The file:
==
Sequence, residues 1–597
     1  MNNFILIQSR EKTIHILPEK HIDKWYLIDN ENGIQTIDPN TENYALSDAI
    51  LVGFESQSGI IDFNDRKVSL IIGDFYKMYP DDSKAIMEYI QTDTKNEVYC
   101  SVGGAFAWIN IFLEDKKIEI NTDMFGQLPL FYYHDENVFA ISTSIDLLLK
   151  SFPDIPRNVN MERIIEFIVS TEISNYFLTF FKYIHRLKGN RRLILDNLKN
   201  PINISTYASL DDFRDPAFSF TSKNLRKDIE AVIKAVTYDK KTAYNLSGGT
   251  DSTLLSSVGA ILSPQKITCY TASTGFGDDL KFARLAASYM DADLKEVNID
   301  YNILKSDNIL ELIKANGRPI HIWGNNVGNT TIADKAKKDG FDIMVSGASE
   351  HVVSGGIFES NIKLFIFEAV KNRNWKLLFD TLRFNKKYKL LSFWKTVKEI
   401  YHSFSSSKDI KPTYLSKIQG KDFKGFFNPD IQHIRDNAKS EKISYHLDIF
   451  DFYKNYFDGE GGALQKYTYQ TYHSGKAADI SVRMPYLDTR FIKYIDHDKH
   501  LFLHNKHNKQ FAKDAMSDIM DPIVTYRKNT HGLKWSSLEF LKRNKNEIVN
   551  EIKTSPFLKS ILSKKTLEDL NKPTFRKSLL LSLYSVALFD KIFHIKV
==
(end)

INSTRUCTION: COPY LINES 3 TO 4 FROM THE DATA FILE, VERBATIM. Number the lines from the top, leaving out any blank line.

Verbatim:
    51  LVGFESQSGI IDFNDRKVSL IIGDFYKMYP DDSKAIMEYI QTDTKNEVYC
   101  SVGGAFAWIN IFLEDKKIEI NTDMFGQLPL FYYHDENVFA ISTSIDLLLK